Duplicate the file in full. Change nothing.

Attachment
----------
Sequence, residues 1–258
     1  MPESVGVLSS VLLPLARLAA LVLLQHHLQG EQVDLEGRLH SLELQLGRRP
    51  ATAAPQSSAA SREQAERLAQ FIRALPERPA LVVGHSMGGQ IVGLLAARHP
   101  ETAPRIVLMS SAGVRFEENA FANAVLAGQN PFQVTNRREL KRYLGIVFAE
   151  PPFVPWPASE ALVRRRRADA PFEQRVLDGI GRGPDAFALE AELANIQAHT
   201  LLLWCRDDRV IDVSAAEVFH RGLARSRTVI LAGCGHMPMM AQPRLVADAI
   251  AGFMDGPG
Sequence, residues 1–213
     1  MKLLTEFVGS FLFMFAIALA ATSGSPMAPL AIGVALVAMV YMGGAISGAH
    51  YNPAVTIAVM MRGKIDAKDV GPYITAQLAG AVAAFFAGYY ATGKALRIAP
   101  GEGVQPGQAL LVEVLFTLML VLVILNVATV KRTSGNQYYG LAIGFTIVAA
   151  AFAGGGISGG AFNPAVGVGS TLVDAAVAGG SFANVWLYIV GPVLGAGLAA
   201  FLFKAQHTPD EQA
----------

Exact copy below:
Sequence, residues 1–258
     1  MPESVGVLSS VLLPLARLAA LVLLQHHLQG EQVDLEGRLH SLELQLGRRP
    51  ATAAPQSSAA SREQAERLAQ FIRALPERPA LVVGHSMGGQ IVGLLAARHP
   101  ETAPRIVLMS SAGVRFEENA FANAVLAGQN PFQVTNRREL KRYLGIVFAE
   151  PPFVPWPASE ALVRRRRADA PFEQRVLDGI GRGPDAFALE AELANIQAHT
   201  LLLWCRDDRV IDVSAAEVFH RGLARSRTVI LAGCGHMPMM AQPRLVADAI
   251  AGFMDGPG
Sequence, residues 1–213
     1  MKLLTEFVGS FLFMFAIALA ATSGSPMAPL AIGVALVAMV YMGGAISGAH
    51  YNPAVTIAVM MRGKIDAKDV GPYITAQLAG AVAAFFAGYY ATGKALRIAP
   101  GEGVQPGQAL LVEVLFTLML VLVILNVATV KRTSGNQYYG LAIGFTIVAA
   151  AFAGGGISGG AFNPAVGVGS TLVDAAVAGG SFANVWLYIV GPVLGAGLAA
   201  FLFKAQHTPD EQA